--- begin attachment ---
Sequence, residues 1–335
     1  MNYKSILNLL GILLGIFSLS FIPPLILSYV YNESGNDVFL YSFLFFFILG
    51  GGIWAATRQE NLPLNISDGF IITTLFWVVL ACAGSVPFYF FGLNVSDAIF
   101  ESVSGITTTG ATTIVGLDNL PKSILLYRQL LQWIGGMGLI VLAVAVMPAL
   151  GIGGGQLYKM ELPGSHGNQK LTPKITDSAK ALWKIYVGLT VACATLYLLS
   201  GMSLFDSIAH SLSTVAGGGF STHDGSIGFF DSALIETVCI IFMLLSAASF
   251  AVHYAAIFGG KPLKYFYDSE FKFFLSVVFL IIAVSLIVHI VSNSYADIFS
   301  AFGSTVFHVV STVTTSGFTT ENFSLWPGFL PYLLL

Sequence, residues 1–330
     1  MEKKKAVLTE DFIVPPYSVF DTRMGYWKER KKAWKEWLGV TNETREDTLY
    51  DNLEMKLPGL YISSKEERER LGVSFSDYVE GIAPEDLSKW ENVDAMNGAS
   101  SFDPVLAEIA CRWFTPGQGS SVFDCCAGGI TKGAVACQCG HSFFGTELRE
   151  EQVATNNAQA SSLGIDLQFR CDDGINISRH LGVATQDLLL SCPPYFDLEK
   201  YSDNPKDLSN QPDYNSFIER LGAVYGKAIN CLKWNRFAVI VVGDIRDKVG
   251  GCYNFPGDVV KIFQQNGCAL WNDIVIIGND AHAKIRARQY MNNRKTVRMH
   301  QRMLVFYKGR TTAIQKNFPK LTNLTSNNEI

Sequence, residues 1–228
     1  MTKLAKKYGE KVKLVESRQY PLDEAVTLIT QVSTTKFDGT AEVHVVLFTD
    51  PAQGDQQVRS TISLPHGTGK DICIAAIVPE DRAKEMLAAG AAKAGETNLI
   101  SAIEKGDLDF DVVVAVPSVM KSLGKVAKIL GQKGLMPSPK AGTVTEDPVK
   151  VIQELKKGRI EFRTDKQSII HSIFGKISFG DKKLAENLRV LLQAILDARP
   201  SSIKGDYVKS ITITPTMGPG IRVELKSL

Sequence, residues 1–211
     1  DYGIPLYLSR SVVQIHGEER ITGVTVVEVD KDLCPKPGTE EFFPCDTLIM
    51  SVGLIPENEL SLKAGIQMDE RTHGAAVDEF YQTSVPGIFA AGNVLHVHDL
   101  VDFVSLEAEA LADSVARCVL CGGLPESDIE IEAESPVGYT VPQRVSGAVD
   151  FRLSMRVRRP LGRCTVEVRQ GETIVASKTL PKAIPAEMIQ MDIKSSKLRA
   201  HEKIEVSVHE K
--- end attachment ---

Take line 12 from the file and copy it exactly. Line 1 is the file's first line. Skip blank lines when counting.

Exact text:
   101  SFDPVLAEIA CRWFTPGQGS SVFDCCAGGI TKGAVACQCG HSFFGTELRE